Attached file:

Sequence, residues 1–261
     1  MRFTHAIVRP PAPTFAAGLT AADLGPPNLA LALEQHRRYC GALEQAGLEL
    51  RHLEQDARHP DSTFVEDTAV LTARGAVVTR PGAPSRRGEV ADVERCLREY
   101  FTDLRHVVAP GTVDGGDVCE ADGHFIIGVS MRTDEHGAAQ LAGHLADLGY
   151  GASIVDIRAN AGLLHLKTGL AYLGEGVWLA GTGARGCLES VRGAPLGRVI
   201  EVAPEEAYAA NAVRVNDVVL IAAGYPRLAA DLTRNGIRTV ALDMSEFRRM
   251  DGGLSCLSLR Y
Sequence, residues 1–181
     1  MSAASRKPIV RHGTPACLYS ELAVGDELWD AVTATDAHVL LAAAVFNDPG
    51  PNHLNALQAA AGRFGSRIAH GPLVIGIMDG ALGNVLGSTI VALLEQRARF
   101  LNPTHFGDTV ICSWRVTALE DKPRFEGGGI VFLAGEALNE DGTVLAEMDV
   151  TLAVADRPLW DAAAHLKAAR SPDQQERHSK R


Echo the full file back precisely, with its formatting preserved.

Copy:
Sequence, residues 1–261
     1  MRFTHAIVRP PAPTFAAGLT AADLGPPNLA LALEQHRRYC GALEQAGLEL
    51  RHLEQDARHP DSTFVEDTAV LTARGAVVTR PGAPSRRGEV ADVERCLREY
   101  FTDLRHVVAP GTVDGGDVCE ADGHFIIGVS MRTDEHGAAQ LAGHLADLGY
   151  GASIVDIRAN AGLLHLKTGL AYLGEGVWLA GTGARGCLES VRGAPLGRVI
   201  EVAPEEAYAA NAVRVNDVVL IAAGYPRLAA DLTRNGIRTV ALDMSEFRRM
   251  DGGLSCLSLR Y
Sequence, residues 1–181
     1  MSAASRKPIV RHGTPACLYS ELAVGDELWD AVTATDAHVL LAAAVFNDPG
    51  PNHLNALQAA AGRFGSRIAH GPLVIGIMDG ALGNVLGSTI VALLEQRARF
   101  LNPTHFGDTV ICSWRVTALE DKPRFEGGGI VFLAGEALNE DGTVLAEMDV
   151  TLAVADRPLW DAAAHLKAAR SPDQQERHSK R